We also found that we were much more productive and focused because of the daily check in and had more time for family. It also gave the flexibility to stay up and work on projects really late. If you are like me, sometimes your best ideas may wake you up from your sleep in the middle of the night. With this flexibility, it allowed me to get up and work on it if I felt compelled to do so.

The last piece is that we as a company got smarter, faster. Perhaps something about the structured responsibility allowed us to own certain areas of our business and really drove us to add value in that area.

I decided to do a little research online to find if others had similar experiences.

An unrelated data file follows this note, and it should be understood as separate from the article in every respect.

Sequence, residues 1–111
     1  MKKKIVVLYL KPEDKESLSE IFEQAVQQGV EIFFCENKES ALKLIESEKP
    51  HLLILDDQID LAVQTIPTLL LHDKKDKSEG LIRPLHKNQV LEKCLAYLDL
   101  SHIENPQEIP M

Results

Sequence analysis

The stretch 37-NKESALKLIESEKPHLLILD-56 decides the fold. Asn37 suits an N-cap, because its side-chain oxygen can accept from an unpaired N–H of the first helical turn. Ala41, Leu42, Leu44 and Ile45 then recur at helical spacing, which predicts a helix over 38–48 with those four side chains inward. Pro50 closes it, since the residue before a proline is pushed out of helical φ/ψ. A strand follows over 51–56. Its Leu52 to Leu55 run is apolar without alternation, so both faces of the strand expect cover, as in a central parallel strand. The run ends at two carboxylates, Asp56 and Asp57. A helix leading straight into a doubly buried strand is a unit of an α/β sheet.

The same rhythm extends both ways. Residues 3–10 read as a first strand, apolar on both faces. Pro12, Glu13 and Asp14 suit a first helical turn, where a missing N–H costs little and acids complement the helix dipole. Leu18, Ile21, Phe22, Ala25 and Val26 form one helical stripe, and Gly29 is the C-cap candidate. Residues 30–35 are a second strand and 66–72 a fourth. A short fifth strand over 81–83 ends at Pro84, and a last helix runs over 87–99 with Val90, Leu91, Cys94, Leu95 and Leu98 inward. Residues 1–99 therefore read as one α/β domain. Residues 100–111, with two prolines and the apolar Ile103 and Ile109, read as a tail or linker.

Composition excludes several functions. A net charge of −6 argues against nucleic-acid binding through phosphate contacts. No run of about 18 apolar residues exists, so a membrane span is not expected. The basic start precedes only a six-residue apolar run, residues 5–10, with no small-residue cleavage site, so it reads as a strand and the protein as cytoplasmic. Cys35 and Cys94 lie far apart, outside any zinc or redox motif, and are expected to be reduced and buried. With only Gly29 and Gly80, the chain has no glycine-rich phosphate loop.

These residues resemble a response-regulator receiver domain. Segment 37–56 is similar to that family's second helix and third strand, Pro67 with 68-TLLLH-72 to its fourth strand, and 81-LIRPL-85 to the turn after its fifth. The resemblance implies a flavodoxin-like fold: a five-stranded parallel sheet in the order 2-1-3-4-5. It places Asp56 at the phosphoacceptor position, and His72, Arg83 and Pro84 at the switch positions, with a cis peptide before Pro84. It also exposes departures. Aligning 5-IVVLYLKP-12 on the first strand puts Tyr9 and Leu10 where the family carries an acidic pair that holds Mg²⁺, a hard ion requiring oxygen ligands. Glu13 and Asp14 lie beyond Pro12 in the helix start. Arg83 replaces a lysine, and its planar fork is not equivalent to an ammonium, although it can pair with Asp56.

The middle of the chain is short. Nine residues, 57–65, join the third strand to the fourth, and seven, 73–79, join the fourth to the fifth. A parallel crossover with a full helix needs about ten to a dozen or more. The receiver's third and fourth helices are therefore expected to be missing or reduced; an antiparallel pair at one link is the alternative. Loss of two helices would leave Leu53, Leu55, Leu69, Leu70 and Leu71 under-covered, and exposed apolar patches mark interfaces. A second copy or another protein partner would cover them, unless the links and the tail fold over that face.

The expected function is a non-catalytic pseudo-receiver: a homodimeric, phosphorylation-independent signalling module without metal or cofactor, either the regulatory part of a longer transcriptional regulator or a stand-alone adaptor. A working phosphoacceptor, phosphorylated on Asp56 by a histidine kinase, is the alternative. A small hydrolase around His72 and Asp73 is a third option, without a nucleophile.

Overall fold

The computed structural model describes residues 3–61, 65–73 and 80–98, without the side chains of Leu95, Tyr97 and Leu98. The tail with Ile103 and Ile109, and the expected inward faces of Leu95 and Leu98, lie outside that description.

According to the Telework Research Network almost 14 million Canadians commute to work every day, however 44 per cent of them have telework-compatible jobs. The TRN goes on to say that, If those that could, and wanted to, worked at home just 2 days a week it would be equivalent to taking 385,000 cars off the roads in terms of greenhouse gas reduction. Employers would save over $10,000 a year per employee, from increased productivity, reduced real estate costs, and lower absenteeism and turnover, and employees would save on average $3,500 a year (This study probably did not take into account price volatility in gas prices, and probably did not separate the train ride from the car ride). By my calculations a car that takes $100/week in gas would cost $4800 a year. Add on parking cost at $200 a month that would bring us up to $7,200 a year.